In Fielding Yost’s first year as head coach of the Michigan football team, he did a few things — went undefeated with a 11-0 record, outscored his opponents, 550-0, and turned a fifth-place team around to become Rose Bowl and national champions for the first time ever.

Just to name a few.

The 1901 season for the Wolverines demonstrated a massive shift in success. That year, Yost spurred an intensity in the offense that equipped the Wolverines with the ability to remain undefeated for four seasons, notching 40 straight wins for four national titles in a row. 

Those Michigan teams went down in history as famed “point-a-minute” programs, categorized for their lethal offenses that outscored opponents by a shattering 2,821 points to 42, with a combined 55-1-1 record from 1901 to 1904.

That offense was exemplified on Oct. 26, 1901, when Buffalo traveled to Regents Field in Ann Arbor for a matchup with the Wolverines. Typically two 30-minute halves, Buffalo’s head coach requested at the halfway point that the second half be reduced to 20 minutes — and the Wolverines still won, 128-0, tallying more points than it had the entire previous season.

While 22-touchdown games are few and far between, that margin of victory was familiar for Yost’s teams throughout their four-year national championship span.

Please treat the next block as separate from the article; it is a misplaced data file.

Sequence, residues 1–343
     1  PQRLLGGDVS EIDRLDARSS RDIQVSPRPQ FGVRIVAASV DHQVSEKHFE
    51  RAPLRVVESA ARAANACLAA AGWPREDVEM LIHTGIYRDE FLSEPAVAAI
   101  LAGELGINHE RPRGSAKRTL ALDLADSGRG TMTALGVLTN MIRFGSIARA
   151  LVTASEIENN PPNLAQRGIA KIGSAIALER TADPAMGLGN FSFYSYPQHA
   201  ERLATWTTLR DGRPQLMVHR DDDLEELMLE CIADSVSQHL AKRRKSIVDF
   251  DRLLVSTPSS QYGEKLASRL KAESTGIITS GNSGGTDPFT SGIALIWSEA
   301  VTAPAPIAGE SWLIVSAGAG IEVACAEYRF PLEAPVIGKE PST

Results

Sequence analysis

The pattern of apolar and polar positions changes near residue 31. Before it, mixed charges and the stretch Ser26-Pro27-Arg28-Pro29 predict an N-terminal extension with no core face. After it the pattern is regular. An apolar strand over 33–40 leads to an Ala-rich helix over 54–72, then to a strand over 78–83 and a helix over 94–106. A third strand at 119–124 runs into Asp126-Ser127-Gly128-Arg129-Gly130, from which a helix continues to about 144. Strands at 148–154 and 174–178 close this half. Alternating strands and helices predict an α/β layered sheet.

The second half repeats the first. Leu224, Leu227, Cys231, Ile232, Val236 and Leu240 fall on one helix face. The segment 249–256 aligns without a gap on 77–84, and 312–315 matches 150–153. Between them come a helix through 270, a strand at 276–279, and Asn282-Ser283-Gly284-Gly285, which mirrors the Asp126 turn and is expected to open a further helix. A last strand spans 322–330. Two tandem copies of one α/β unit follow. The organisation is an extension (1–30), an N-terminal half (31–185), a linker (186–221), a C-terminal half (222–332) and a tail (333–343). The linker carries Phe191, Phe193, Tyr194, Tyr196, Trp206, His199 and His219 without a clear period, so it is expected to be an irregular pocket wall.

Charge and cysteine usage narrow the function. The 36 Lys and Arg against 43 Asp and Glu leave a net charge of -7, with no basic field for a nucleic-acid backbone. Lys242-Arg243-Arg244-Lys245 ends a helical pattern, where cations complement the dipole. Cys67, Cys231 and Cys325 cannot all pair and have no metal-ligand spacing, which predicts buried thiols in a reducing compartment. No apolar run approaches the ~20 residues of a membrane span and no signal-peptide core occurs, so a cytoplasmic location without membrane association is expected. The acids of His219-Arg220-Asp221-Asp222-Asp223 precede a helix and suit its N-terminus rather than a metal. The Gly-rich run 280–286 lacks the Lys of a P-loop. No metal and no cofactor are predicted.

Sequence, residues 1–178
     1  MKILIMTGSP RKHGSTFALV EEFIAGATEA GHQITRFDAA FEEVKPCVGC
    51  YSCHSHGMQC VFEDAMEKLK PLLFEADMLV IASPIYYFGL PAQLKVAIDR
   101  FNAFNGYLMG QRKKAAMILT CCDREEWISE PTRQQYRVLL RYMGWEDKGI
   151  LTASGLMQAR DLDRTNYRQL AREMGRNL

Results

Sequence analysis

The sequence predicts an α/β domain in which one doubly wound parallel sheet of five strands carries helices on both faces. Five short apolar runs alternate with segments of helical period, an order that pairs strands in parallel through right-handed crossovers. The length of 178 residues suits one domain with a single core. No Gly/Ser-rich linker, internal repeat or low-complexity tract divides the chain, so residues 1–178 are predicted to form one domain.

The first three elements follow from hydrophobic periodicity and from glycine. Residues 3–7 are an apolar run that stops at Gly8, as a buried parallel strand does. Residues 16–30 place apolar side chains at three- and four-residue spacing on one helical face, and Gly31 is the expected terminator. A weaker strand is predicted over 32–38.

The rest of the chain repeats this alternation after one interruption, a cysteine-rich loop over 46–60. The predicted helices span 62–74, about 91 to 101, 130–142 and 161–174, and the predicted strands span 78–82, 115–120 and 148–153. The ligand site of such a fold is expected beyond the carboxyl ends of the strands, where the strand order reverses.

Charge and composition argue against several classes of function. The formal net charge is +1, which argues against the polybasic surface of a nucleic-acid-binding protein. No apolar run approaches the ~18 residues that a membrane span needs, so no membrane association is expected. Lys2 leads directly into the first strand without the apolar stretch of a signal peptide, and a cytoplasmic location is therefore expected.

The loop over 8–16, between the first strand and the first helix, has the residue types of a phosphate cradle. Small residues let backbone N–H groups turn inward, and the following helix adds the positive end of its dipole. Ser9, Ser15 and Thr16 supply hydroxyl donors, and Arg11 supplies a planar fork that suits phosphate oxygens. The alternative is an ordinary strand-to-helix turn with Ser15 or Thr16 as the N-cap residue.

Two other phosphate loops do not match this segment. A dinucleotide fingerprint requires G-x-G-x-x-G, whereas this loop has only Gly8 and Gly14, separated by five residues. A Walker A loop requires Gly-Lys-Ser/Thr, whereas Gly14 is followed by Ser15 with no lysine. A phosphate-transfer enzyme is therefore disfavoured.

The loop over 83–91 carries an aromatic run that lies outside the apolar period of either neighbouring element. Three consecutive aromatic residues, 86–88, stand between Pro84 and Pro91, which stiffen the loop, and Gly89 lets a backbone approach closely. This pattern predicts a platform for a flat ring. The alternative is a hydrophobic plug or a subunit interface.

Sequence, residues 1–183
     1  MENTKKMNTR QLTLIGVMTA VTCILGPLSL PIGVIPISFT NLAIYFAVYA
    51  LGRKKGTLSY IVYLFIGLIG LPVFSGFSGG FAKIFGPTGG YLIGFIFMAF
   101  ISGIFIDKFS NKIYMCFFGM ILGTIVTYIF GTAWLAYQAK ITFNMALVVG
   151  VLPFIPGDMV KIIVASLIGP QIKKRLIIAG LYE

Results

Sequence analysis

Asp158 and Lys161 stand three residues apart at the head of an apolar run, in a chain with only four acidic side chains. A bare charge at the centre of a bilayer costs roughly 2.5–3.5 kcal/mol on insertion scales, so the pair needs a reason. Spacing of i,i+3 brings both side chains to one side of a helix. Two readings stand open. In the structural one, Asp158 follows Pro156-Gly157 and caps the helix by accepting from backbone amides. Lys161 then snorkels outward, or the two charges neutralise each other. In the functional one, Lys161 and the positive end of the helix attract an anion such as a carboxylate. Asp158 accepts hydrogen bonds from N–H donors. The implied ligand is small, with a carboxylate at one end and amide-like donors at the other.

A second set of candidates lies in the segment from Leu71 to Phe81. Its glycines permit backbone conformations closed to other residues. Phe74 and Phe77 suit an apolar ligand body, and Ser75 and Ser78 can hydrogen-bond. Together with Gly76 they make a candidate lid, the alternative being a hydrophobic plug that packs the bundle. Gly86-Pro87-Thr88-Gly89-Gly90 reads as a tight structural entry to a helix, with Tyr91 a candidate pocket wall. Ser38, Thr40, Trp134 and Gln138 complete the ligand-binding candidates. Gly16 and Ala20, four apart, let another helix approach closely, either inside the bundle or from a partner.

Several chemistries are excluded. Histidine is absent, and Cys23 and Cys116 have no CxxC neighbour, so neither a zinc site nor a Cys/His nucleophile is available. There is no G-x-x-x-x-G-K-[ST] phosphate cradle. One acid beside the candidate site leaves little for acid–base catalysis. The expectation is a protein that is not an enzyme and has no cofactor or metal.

On Oct. 8 of the 1902 season, the Wolverines trumped Michigan Agricultural College — now Michigan State — by a score of 119-0 at home. Five weeks later, they shut out Iowa with a triple-digit deficit as well, 107-0.

It wasn’t until the 1903 season that Michigan finally met a team it couldn’t shut out, in front of the largest crowd of the year. On Halloween of 1903, 20,000 people crammed into Northrop Field in Minneapolis for the inaugural battle for the Little Brown Jug between the Wolverines and Minnesota.

A late touchdown from right tackle Joe Maddock put Michigan on the board first, but a Golden Gopher fullback notched the equalizer with two minutes left in the game to keep it tied at 6-6. It was the first time during the Yost era that the Wolverines hadn’t won a football game outright.

Michigan won its fourth straight national championship in 1904, when the Wolverines finished the season with 10 wins and 7 shutouts. Though it didn’t shut out every opponent like it had the past three seasons — save the Little Brown Jug battle the year before — Michigan did finish the season with the most uneven score in program history.

With 4,000 spectators looking on at Regents Field, the Wolverines scored a record-breaking 22 touchdowns, with 20 extra points earned for a final score of 130-0 (with modern scoring rules, it would have been 152-0).

Tackle Joe Curtis contributed a team-high 49 points, scoring six touchdowns and 19 extra points. The performance led to a first team All-Western tackle selection, an honor he would also receive the next two years.

West Virginia’s 130-point loss defined the 1904 season, a year where the Wolverines averaged a point every 50.3 seconds. And it reflected the first four years of Yost’s coaching tenure, where the “point-a-minute” reputation held true — pushing Michigan’s program to its pinnacle four-year stretch of national championships and offensive excellence. 

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